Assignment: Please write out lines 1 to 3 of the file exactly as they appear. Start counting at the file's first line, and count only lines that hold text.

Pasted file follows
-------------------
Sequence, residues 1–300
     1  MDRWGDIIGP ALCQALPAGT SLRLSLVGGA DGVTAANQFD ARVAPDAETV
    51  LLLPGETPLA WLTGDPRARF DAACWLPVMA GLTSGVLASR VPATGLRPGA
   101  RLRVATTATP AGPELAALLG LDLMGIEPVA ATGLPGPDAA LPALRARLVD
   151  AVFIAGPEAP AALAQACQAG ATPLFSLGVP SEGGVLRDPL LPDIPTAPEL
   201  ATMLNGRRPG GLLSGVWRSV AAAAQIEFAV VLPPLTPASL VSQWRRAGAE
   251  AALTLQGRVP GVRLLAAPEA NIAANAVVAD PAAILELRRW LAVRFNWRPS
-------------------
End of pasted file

Sequence, residues 1–300
     1  MDRWGDIIGP ALCQALPAGT SLRLSLVGGA DGVTAANQFD ARVAPDAETV
    51  LLLPGETPLA WLTGDPRARF DAACWLPVMA GLTSGVLASR VPATGLRPGA